Urban organic agriculture is my main academic focus at Davidson College. I am particularly interested in how people of a lower economic status can benefit from growing their own food. In China, I found that the same issues that affect Americans affect the Chinese as well. Issues such as: food safety, structural inequality, and environmental degradation are problems that we face in the United States, but in China they are more acute because of population density. The many food scares in China have resulted in the people trusting neither their food nor their government. In China, we interviewed a number of “new farmers” who have moved away from the city to the countryside to farm. Given the pollution problems and food scares, the impetus for the people who give up their lives in the cities to farm is very clear: growing your own food and pursuing an alternative lifestyle in a cleaner and less crowded environment ensures the safety of your family. These new farmers, however, are relatively privileged: the urban poor continue to face numerous challenges. This is an example of structural inequality: only the people who can afford to remove themselves from unsafe conditions can do so, while the majority of urbanites —the people most affected by unsafe living conditions—are forced to remain in their current situations with little chance of upward mobility.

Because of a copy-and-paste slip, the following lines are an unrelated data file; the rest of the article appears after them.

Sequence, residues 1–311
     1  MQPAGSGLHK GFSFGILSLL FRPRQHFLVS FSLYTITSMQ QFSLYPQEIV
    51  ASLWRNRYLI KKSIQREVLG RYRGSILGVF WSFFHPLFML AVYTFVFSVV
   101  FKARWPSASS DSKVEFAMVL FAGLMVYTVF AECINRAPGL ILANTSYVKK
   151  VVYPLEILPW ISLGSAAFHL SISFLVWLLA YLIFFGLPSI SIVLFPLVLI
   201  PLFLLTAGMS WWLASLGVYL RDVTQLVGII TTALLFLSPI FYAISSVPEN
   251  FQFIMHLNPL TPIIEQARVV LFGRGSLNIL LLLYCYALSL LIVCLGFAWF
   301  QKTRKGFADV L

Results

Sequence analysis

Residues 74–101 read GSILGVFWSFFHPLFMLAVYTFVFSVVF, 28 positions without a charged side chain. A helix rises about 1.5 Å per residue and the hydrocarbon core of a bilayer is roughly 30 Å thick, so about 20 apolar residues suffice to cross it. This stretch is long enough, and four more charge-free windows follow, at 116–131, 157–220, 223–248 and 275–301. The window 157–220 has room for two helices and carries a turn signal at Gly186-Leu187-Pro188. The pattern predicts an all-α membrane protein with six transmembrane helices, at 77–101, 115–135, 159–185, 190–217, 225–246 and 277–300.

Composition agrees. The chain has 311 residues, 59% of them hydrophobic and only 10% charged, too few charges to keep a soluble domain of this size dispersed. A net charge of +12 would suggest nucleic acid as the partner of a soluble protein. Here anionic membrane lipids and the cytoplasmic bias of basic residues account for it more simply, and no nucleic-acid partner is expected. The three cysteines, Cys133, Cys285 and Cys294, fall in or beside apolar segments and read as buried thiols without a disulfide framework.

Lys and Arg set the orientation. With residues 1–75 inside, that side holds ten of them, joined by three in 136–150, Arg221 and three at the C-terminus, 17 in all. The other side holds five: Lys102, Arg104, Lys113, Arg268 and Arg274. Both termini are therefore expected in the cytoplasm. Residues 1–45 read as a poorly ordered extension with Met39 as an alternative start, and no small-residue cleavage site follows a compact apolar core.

The five weeks that I spent in Shanghai studying food and sustainability greatly expanded my view of the world, specifically in the context of food’s importance in different cultures. The differences between the ways Americans and Chinese people view, handle, prepare, and consume food are almost too numerous to count. Yet the research that Davidson’s team conducted this summer represents an ever-shortening gap between two different cultures understanding how the opposite works. In a world constantly shrinking due to globalization, cultural awareness is more important now than ever. I examined where street vendors purchased their food supplies and how concerned they were about food safety. What hours did they work and when was their highest volume of customers? Do citizens of Shanghai treat the small quantities of food purchased from vendors as meals? If so, what does this consumption pattern say about Chinese urban culture?